Variations in the Expert Ministerial Framework in Hungary and Romania: Personal and Institutional Explanations

  • Gabriella Ilonszki
  • Laurentiu Stefan
Part of the Palgrave Studies in Political Leadership book series (PSPL)


The chapter explores the ‘ministerial condition’ in two new democracies that represent dissimilar cases in terms of their pre-democratic legacy, party institutionalization patterns and constitutional framework. The hypotheses formulated on these grounds have been partially confirmed. In Romania, after the troubled first years of democratization, the stabilization of parties resulted in the diminishing number of expert ministers, which only slightly increased during the crisis years, while in Hungary, despite the seemingly well-cemented parties, expert ministers prevail in large proportions. Despite the semi-presidential constitutional framework presidents in Romania have had to face and increasingly acknowledge evolving party interests and prime ministerial ambitions to control ministerial nominations. At the same time, in the Hungarian parliamentary system, the prime ministers used the constitutional opportunity to nominate ‘her ministers’ thus gaining independence from her parties often connected to policies as well. These conditions resulted in much higher dependence and dismissal levels of expert ministers in Hungary than in Romania, as well as in their different portfolio profiles. The chapter confirms the impact of the pre-democratic legacies: Expert ministers often connect to how things operated in the past in the educational system or in state bureaucracy.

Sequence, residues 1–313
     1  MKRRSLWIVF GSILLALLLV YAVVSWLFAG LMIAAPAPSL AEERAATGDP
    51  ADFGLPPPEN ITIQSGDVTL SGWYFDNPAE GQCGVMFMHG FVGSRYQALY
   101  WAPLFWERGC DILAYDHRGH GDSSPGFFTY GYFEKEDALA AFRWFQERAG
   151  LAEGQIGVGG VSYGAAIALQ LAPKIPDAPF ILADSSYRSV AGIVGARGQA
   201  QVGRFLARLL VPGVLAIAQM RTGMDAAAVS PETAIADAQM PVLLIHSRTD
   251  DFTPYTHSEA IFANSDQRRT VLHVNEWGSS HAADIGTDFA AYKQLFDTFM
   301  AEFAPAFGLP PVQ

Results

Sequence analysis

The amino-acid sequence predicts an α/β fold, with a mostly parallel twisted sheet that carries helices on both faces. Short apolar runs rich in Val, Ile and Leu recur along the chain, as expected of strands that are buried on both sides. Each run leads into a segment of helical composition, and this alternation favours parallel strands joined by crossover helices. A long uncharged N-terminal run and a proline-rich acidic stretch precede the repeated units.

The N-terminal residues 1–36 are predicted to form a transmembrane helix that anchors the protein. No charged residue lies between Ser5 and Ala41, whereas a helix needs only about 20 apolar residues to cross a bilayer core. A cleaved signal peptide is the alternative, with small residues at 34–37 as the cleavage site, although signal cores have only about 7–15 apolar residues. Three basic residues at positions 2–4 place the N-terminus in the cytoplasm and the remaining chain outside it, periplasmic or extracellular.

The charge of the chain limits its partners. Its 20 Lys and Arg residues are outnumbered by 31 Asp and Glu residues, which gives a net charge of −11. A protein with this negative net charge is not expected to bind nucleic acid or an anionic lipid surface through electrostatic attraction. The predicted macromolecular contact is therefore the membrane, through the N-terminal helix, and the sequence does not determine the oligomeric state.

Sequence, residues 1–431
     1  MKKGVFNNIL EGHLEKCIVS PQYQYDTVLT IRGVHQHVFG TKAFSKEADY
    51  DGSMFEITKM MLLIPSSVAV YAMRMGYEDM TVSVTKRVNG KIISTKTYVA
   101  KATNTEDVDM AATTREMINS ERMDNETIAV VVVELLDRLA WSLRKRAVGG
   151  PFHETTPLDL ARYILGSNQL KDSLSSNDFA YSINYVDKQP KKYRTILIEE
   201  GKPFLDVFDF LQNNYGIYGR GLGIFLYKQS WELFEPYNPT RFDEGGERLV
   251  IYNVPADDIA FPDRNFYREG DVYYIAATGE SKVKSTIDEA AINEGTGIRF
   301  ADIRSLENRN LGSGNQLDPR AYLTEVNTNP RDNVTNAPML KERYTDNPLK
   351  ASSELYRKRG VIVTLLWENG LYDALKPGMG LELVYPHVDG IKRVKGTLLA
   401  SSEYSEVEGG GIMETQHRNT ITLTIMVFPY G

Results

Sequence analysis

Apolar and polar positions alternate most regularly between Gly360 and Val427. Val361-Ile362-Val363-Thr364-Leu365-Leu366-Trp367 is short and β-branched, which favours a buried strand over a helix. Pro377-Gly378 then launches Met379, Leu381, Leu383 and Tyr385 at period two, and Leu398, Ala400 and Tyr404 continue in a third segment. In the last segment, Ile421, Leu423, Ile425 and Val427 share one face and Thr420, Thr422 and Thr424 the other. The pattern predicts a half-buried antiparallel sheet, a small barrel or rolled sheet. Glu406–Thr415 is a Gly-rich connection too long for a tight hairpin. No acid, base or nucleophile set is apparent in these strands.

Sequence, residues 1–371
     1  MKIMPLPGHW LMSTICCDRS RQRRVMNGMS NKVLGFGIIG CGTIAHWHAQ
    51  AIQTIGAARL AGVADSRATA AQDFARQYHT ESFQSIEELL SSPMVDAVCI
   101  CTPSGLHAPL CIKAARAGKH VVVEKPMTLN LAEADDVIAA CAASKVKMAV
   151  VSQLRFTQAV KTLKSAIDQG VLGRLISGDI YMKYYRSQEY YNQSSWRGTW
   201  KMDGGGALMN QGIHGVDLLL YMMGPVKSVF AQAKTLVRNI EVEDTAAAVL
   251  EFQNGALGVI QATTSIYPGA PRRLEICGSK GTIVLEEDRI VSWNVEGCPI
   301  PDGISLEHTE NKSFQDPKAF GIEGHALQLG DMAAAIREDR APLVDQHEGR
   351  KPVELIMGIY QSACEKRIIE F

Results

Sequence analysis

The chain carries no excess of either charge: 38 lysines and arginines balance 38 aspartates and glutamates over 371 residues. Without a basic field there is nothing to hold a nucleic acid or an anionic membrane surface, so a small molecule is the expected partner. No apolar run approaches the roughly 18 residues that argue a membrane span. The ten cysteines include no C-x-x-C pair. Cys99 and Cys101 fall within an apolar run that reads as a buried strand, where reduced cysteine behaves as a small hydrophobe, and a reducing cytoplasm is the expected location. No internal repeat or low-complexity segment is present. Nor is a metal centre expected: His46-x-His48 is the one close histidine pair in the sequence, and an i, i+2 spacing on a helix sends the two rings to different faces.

Hungary Party institutionalization Romania Executive Dismissal rates Portfolio allocation Pre-democratic legacy 


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Copyright information

© The Author(s) 2018

Authors and Affiliations

  • Gabriella Ilonszki
    • 1
  • Laurentiu Stefan
    • 2
  1. 1.Institute of Political Science, Corvinus University of BudapestBudapestHungary
  2. 2.Centre for Public PoliciesWest University of TimișoaraTimișoaraRomania

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